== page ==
California Gold Rush
Settling the west
How it began
January 24 1848, coloma, california, James Marshall found a piece of gold in a river. Marshall informed his boss, John Sutter, about his ⅓ ounce, $5.12 gold nugget. He owned thousands of acres around the Sacramento and American Rivers. It wasn’t long before the big secret got let out and the area soon became a center of activity for all sorts of miners. The land was open for everyone.
In 1849, people around the United States borrowed money, mortgaged their property or spent their life savings to make the journey to California. In pursuit of the kind of wealth they had never dreamed of, they left their families and hometowns; in turn, women left behind took on new responsibilities such as running farms or businesses and caring for their children alone. Thousands of would-be gold miners, known as ’49ers, traveled overland across the mountains or by sea, sailing to Panama or even around Cape Horn, the southernmost point of South America.
World-wide economic stimulation
The Gold Rush stimulated economies around the world as well. Farmers in Chile, Australia, and Hawaii found a huge new market for their food; British manufactured goods were in high demand; clothing and even prefabricated houses arrived from China. The return of large amounts of California gold to pay for these goods raised prices and stimulated investment and the creation of jobs around the world. Australian prospector Edwards Hargraves, noting similarities between the geography of California and his home country, returned to Australia to discover gold and spark the Australia gold rush. Preceding the Gold Rush, the United States was on a bi-metallic standard, but the sudden increase in physical gold supply increased the relative value of physical silver and drove silver money from circulation. The increase in gold supply also created a monetary supply shock.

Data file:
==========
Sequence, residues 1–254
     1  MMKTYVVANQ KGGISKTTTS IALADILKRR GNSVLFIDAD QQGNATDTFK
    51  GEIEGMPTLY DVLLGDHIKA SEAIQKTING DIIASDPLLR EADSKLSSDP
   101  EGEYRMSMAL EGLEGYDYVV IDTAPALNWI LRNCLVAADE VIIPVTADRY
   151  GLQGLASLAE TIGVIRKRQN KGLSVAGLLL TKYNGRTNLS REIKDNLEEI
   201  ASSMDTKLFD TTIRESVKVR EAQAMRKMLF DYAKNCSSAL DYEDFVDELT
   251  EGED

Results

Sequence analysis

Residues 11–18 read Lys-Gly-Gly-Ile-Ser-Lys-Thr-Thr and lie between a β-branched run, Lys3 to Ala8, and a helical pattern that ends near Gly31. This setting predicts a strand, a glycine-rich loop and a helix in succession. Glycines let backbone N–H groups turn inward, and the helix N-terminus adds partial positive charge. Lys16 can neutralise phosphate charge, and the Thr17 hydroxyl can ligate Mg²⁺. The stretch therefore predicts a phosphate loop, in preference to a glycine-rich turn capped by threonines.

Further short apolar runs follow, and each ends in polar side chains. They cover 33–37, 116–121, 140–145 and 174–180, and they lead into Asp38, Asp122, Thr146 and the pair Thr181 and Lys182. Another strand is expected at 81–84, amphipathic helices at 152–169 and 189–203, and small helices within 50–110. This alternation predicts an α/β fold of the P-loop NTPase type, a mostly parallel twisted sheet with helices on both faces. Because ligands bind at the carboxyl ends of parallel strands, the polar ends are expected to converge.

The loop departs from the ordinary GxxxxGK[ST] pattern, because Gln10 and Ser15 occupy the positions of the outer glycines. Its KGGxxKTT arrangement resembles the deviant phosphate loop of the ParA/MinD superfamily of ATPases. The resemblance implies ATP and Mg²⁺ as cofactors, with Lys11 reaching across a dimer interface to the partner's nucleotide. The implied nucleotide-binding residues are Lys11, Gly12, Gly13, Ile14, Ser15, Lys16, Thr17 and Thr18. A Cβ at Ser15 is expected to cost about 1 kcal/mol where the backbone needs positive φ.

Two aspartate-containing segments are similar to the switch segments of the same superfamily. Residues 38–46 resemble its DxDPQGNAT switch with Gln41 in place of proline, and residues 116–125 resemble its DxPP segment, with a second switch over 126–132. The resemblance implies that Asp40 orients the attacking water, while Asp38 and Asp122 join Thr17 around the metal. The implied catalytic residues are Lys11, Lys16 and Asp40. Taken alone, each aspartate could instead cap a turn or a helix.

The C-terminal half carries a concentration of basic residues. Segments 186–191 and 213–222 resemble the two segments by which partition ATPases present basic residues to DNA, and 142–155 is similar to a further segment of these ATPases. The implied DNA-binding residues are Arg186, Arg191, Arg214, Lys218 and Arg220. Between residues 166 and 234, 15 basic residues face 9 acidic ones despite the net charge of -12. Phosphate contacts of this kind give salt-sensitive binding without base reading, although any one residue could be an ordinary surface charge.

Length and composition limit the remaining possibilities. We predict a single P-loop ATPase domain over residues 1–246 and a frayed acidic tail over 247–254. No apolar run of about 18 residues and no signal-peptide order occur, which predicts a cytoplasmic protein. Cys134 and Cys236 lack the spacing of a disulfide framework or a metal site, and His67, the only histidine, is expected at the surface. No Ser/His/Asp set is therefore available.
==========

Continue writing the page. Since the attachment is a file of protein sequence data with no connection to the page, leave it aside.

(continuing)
California's name became indelibly connected with the Gold Rush, and fast success in a new world became known as the "California Dream." California was perceived as a place of new beginnings, where great wealth could reward hard work and good luck. Overnight California gained the international reputation as the "golden state". Generations of immigrants have been attracted by the California Dream. California farmers, oil drillers, movie makers, airplane builders, and "dot-com" entrepreneurs have each had their boom times in the decades after the Gold Rush.